“At first I thought he was a rebel without a cause. He was a real storm trooper when he got in there,” said telemarketer Linda Rae Brown, 65, of Cleveland.
“Now I like the guy. At first I thought he was a bit of a bully, but now I like him. He’s getting things done.”
Marlin Griffin, 40, a Democrat from Gallipolis, who works at AEP’s Gavin Power Plant, is no fan of Mr. Kasich.
“All Republican governors try to, first thing off the bat, bully folks and I don’t think that's how politics should be done,” Mr. Griffin said.
“You should work across the aisle. I'm not saying your values should change, but you should have the decency to work across the aisle with folks.”
“I don't know how long that's going to last,” Mr. Griffin said.
“We’ll see after this election if he's going to try to go after unions or teachers or someone else.”
Another who has changed his position is Robert G. Merkle, 82, of Springfield, who is retired as physicist and aerospace engineer at Wright-Patterson Air Force Base near Dayton.
“I didn’t vote for him but I’ve been surprised because I thought they would hack away at the benefits for the poor and disabled because that’s usually what happens,” Mr. Merkle said.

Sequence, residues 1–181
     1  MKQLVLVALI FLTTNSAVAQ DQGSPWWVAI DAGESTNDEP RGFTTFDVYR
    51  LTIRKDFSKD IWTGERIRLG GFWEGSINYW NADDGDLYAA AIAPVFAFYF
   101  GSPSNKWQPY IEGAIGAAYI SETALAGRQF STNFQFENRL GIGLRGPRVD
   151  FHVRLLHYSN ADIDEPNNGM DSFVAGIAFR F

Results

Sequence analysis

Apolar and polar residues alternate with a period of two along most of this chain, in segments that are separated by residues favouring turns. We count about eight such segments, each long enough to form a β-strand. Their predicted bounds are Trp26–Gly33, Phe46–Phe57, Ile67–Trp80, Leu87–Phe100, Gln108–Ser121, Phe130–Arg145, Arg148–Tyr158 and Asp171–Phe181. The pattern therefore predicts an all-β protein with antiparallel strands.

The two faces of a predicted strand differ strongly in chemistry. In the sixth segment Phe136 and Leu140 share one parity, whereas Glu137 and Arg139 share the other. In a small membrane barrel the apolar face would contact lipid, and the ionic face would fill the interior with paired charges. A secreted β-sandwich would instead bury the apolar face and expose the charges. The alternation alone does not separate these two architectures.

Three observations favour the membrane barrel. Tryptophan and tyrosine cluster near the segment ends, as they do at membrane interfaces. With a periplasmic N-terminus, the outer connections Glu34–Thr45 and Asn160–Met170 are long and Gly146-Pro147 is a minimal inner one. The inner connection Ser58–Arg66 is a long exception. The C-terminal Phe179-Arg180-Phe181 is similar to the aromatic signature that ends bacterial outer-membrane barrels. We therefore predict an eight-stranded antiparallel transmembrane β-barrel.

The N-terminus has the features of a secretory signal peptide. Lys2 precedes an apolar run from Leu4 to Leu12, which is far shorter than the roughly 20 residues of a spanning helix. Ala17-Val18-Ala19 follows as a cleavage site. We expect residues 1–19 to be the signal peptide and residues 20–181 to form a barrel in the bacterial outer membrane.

“Instead, he cut the state aid to the cities and the schools. If he wants to shrink government, that’s a good thing because all these matching funds local governments tend to regard as free money. And they use it for bigger and larger programs.
“Kasich is one who says we should shrink government.”
But the governor’s push to keep roughly half a billion dollars in the state’s rainy-day fund instead of using it to restore state budget cuts to schools and other local governments is less popular.
In the poll, 54 percent want the money used to patch the budget reductions, with 39 percent content to let the money stay in the state fund.
“He cut a lot of programs to get there [balancing the state budget] and now people are suffering. What is he going to with that 500 million? Is he going to put it out there to help people?” Mr. Griffin wondered.
The also poll asked voters about state Issue 2 — which would revamp the way Ohio’s congressional and legislative districts are drawn — and Mr. Kasich’s proposal to increase fees on oil and gas drilling and use the revenue to reduce Ohioans’ state income taxes.